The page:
Oolong Tea

Oolong tea is sometimes referred to as brown tea, being halfway between black tea and green tea. In many respects, it is the most complicated tea to make because the tea is only partially oxidized. Repeated rolling brings the tea to the desired level of oxidation, which is between the zero oxidation levels of green tea and the high level of oxidation black teas undergo. However, the reward for all that hard work is tea with a great body and the most intense, varied aromas and flavors. Many oolongs are creamy; their liquor literally coats your mouth like fresh cream. Others are almost effervescent, practically fizzing like Champagne. To learn more, check out Oolong Tea 101. 

  • Chinese Oolong Teas

    Oolongs are semi-oxidized teas, so they are neither green nor black, but somewhere in between. They likely first appeared 300 years ago in China's Fujian Province.

  • Flavored Oolong Teas

    We use potent, delicious oolongs blended with unique flavors to enhance their inherent characteristics.

  • Taiwanese Oolong Teas

    China may have been the first to make oolongs, but they were later transplanted to the island off of China, Taiwan. Here, beautiful, light and dark oolongs are made.

Oolong Tea Origins

Oolongs were developed after green and black teas, around 300-400 years ago. Originally they were developed in the Chinese coastal province of Fujian and eventually moved down the coast of China and across the waters to Taiwan. The Taiwanese have elevated the oolongs in recent years by optimizing packaging and transport of the delicately flavored tea leaves.

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Oolong Tea Origins

How To Brew Oolong Tea

  1. Preheat a teapot by pouring boiling water into it, raising the temperature of the teapot to at least 180¬įF.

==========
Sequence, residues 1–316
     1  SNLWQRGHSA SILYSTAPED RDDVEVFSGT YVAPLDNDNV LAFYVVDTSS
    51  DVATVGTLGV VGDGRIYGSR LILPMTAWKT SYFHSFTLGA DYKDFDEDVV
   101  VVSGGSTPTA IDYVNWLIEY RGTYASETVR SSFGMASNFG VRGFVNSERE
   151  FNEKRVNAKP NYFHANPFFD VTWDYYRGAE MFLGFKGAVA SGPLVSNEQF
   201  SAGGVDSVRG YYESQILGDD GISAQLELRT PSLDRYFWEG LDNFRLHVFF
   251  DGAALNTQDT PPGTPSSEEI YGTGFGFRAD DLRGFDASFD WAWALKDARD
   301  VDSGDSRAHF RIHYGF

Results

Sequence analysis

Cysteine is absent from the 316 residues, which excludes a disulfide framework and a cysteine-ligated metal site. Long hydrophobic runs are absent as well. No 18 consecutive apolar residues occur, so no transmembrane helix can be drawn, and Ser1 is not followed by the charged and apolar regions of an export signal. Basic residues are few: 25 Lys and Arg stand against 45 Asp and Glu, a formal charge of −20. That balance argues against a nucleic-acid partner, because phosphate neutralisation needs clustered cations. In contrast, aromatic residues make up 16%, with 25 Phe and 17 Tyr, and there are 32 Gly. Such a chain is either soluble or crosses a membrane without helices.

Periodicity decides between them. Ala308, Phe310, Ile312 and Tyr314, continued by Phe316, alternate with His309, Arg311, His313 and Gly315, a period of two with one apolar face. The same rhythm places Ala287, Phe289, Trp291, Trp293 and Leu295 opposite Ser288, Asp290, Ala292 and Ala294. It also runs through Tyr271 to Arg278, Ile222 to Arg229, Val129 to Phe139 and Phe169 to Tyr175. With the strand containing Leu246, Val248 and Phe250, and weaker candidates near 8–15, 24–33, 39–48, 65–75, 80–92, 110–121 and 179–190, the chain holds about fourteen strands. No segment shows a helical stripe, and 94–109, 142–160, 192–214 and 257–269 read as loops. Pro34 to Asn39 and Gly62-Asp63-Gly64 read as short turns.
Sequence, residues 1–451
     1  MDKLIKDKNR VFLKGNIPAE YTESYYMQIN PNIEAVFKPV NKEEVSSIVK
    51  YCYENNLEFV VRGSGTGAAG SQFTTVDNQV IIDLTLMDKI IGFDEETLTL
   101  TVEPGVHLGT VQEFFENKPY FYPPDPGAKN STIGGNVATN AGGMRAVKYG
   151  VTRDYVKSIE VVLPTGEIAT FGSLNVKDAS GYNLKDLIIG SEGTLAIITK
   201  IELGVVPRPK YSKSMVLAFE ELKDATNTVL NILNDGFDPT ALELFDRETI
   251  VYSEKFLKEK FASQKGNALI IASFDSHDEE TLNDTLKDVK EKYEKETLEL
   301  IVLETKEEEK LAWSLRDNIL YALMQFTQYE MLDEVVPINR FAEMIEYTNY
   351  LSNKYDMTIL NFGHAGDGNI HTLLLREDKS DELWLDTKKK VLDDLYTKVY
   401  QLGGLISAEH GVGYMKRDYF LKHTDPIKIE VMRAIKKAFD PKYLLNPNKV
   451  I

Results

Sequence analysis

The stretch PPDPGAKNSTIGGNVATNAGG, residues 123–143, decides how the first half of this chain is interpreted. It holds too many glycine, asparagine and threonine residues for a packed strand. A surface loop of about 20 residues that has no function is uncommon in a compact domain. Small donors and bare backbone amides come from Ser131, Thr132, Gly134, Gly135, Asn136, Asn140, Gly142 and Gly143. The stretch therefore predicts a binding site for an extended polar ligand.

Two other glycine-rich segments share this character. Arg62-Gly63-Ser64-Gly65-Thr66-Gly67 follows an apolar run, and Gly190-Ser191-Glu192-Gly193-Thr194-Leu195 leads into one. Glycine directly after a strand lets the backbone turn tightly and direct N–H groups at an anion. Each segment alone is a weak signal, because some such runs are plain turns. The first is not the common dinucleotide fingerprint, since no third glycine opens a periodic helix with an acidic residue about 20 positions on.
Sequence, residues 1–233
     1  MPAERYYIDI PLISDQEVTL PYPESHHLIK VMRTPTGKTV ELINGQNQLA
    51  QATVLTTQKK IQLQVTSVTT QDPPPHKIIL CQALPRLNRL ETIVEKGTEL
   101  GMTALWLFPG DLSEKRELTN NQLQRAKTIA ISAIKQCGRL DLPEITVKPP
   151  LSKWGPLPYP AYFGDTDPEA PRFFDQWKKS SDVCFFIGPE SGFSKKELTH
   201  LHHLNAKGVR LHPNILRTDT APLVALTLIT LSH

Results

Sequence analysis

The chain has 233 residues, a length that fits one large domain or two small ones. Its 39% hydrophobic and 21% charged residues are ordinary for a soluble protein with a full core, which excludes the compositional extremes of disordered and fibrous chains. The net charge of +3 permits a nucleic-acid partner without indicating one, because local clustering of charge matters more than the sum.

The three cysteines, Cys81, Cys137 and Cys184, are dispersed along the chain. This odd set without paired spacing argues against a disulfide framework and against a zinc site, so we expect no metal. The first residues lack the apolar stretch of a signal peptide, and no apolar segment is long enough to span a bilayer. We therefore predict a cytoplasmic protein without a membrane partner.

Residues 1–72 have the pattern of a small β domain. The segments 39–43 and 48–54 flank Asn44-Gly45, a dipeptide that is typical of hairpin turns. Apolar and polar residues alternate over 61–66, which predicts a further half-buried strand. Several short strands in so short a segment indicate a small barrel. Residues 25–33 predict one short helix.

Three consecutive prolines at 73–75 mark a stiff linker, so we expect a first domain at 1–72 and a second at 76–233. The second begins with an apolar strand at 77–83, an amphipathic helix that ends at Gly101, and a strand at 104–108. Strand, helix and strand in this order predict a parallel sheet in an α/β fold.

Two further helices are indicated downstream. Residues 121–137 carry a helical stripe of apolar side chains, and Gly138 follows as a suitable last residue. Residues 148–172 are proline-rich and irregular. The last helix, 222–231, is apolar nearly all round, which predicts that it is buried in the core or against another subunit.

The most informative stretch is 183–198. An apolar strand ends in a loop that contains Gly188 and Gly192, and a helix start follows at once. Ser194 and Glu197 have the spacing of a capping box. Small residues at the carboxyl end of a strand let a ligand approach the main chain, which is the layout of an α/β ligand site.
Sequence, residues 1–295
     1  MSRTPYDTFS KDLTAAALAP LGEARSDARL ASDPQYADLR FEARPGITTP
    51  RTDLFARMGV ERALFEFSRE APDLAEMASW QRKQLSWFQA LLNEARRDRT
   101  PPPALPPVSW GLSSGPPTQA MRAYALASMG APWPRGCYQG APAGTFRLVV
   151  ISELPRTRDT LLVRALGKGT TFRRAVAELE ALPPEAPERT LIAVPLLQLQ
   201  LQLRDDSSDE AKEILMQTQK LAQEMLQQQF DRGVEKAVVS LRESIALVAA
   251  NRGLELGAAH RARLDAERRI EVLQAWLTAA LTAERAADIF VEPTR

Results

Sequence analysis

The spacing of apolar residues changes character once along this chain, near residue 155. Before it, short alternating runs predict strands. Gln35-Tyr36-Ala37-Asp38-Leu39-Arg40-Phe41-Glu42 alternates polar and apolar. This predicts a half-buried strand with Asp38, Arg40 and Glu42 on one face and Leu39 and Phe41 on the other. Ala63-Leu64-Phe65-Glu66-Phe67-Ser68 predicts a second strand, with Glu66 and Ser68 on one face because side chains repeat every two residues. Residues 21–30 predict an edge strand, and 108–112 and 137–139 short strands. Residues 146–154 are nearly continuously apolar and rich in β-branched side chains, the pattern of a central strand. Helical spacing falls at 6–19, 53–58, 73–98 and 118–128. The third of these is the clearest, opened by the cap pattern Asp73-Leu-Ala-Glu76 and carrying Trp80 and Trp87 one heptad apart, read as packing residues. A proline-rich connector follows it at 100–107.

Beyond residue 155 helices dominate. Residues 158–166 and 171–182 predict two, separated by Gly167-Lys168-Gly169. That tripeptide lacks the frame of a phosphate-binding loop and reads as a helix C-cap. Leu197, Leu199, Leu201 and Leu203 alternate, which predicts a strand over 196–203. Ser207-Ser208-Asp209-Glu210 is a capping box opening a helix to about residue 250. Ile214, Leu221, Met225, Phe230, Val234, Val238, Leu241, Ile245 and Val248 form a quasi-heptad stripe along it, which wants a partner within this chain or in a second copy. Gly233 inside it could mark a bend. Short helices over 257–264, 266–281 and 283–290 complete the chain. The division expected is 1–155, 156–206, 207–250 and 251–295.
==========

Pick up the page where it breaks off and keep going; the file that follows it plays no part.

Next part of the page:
2. Discard the water. In your teapot or filter, add 1 teaspoon of loose tea for each cup of tea you're brewing.
  3. Prepare the water to a temperature between 180¬įF and 212¬įF, but never over the boiling point. The optimal water temperature depends on the oxidation level of the oolong tea leaves. For lighter, greener oolongs, stay on the lower temperature side. For darker, blacker oolongs, you can bring the water temperature higher, up to the boiling point.
  4. Pour the fresh, hot water over the tea or tea bag. This super-saturates the tea, allowing the perfect extraction of the flavor. Let the tea steep for 3 to 4 minutes.
  5. Pour the tea through a strainer into a cup.

Oolong Tea Brewing Temperature

Oolong teas have a wider brewing temperature range than other tea varietals. Oolong tea is not as delicate as green or white teas but also does not require as much heat as black teas to bring out its fragrant flavors. Our wide offering of unique oolong tea blends results in different optimal temperatures, with lighter oolongs tasting best brewed around 180¬įF and darker oolong tea flavors benefiting from a higher temperature at 212¬įF. You can use electric water-dispensing pots to heat water to exact temperatures, or you can insert instant-read thermometers to check the water temperature prior to pouring over your oolong tea leaves.

Oolong Tea Brewing Time

Oolong tea leaves can steep anywhere from 3 to 4 minutes. Each specially selected variety and each drinker’s palate will dictate the proper brewing time. Observing both the tea liquor and the body will help you gauge whether you have brewed your tea for the correct amount of time.

If you’re looking for a stronger cup of tea, it’s best to increase the amount of tea used instead of increasing the brewing time.